June 1, 2005
By Barbara Young
I don't mind that you think slowly but I do mind that you are publishing faster than you think. – Wolfgang Pauli, physicist, Nobel laureate (1900-1958)
Living in an age dominated by instant message — IM — technology may be responsible for skewing rational thought. Although empirical wisdom refutes this notion since mankind — at least of the American ilk — always seems to be in a hurry to get nowhere fast. Think of the driver in that low-slung sports car weaving in and out of traffic and roaring ahead of you in your oh-so-practical vehicle, only to meet you at the traffic light idling to the tune of impatience.
That seems to be the state of the beef industry these days— idling to the tune of impatience. Hammering somebody about why this, that, or the other happened, precludes finding solutions. Obfuscation may work in a court of law when winning at all cost is at issue, but it simply casts a giant shadow over proceedings in the court of business affairs.
This time, the spotlight is on USDA and its decision-making power currently at the epicenter of the raging controversy threatening the future of the American beef industry.
At issue is the department’s protocols concerning its BSE-detection testing procedures and decisions — specifically, the determination to retest animal tissue that initially tested negative for BSE. When a different test yielded a new outcome, the department — acknowledging the conflicting test results — shipped the sample to England for further analysis.
“We have consulted with our top scientists at USDA and with internationally recognized experts to determine our best course in this unique case,” explains Agriculture Secretary Mike Johanns. “I believe in this situation we have an obligation to be thorough.”
This seems a reasonable course of action.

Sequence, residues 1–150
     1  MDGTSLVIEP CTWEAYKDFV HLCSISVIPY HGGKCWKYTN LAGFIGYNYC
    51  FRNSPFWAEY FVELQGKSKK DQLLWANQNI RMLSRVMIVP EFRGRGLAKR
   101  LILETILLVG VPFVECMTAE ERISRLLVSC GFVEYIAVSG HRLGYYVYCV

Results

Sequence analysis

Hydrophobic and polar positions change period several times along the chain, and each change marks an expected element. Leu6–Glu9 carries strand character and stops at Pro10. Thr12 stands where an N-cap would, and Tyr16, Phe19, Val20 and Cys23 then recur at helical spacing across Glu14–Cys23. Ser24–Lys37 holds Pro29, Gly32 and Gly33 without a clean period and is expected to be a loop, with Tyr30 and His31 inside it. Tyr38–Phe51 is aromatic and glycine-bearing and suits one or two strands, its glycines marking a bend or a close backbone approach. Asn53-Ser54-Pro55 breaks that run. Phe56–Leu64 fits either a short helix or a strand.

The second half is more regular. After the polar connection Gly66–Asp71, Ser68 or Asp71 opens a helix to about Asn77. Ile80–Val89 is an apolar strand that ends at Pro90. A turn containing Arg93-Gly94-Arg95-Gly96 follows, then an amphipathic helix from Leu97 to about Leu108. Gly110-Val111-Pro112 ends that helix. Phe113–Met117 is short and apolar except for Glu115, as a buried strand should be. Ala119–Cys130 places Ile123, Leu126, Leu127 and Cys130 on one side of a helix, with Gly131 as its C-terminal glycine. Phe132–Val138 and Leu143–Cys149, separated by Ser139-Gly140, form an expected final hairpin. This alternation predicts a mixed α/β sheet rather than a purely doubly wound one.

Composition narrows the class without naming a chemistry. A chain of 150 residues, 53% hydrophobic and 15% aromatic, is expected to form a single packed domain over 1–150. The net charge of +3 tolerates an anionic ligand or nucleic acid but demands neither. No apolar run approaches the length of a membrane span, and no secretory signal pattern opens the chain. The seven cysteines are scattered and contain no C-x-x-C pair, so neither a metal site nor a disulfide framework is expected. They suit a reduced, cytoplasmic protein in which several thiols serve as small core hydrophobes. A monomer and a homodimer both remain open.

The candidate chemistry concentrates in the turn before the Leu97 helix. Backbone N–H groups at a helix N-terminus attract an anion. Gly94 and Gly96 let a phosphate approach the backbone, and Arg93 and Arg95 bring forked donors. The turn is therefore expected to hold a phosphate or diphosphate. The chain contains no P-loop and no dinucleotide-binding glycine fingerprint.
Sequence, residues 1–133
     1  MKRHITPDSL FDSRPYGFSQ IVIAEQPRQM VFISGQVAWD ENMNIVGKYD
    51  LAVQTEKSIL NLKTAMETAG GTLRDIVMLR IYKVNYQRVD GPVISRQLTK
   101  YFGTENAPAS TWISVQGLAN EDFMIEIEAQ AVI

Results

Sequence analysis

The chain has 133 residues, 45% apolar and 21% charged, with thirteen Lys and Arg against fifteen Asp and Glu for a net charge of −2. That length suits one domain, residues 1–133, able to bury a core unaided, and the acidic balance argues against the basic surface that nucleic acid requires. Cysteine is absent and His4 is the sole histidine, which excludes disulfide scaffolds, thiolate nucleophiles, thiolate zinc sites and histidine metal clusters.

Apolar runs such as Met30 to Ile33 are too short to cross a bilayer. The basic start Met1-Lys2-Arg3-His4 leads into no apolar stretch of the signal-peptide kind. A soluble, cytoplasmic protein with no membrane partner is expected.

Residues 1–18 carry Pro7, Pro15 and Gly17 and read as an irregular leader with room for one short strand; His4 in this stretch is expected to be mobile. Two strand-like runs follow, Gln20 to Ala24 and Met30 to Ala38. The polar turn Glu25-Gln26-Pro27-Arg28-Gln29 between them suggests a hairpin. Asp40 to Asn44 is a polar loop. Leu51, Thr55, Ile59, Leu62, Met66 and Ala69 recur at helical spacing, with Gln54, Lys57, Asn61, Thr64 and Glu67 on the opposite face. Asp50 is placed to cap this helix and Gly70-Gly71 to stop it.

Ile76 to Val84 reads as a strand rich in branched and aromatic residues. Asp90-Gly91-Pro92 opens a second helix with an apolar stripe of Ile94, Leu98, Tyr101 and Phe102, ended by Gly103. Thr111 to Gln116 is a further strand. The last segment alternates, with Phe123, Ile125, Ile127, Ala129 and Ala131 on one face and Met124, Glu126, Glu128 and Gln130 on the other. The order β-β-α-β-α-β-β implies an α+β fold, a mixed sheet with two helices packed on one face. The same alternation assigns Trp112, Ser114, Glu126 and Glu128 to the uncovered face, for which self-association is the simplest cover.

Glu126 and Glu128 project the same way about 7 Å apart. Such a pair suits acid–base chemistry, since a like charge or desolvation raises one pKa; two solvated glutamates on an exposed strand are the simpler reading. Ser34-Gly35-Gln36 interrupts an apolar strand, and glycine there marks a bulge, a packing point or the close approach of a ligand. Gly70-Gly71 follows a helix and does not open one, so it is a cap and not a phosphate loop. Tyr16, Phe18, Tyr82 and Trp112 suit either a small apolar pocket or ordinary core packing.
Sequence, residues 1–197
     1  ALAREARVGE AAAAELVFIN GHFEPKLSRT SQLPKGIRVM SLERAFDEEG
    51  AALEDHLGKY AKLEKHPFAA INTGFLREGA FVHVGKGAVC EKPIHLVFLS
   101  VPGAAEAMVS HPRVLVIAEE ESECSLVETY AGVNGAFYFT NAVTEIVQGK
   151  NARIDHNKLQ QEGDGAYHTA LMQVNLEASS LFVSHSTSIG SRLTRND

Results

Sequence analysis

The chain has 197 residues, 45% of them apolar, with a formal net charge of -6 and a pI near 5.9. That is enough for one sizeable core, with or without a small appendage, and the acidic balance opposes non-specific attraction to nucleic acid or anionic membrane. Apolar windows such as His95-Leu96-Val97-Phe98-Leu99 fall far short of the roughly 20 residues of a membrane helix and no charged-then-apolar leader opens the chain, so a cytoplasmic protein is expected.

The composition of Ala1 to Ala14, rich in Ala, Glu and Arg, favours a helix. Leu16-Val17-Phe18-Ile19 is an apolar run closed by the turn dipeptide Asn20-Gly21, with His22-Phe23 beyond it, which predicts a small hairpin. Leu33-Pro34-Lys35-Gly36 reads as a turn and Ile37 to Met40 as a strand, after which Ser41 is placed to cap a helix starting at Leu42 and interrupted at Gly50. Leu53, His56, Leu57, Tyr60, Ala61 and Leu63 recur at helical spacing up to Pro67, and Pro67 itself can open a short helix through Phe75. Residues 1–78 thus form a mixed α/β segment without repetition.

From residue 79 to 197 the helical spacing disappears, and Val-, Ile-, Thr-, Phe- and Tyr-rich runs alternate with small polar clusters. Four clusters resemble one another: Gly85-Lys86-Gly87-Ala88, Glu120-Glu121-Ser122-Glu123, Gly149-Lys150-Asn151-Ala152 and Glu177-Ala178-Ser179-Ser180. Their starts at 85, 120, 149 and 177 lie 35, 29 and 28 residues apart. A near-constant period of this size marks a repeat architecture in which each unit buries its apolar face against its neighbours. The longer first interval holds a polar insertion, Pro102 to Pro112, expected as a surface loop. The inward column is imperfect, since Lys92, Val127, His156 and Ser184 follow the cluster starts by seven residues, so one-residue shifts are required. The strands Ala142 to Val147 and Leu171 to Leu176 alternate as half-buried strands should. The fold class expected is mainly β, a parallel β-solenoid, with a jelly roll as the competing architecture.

The discrepancy grew out of a discovery by USDA’s Office of the Inspector General. While reviewing records compiled during the BSE Surveillance Program Phase II audit, an auditor noted an unusual pattern of conflicting test results on one sample and called for additional testing of that sample.
This news sent the beef industry in certain quarters into a tailspin, yet again. No question, the beef industry’s economic health is in deep decline triggered by a host of actions and reactions since the onslaught of BSE. But is a decision to retest an animal sample really shaking up the cattle market? Some would have us believe this is the case. Cattle prices reportedly dropped last year in November on the heels of USDA’s “inconclusive” test results.
Certainly the industry must gird itself to withstand financial losses to weather the vicissitudes of the market, that is just good business sense. Change is not made without inconvenience, even from worse to better, something British theologian Richard Hooker understood in the 16th century, when life was tremendously less complex. Many factors dictate the future direction of the beef industry. Tackling counteracting trends is not always clear-cut, however. It is at these times that the regulated and regulators must not be at cross-purposes. Yes, the beef industry is in a hurry to get back on its feet, and not just idling to the tune of impatience. It is crying for help by questioning policies and decisions. Given the circumstances dictated by market forces, questions and suspicions are the only weapons available. Is USDA listening?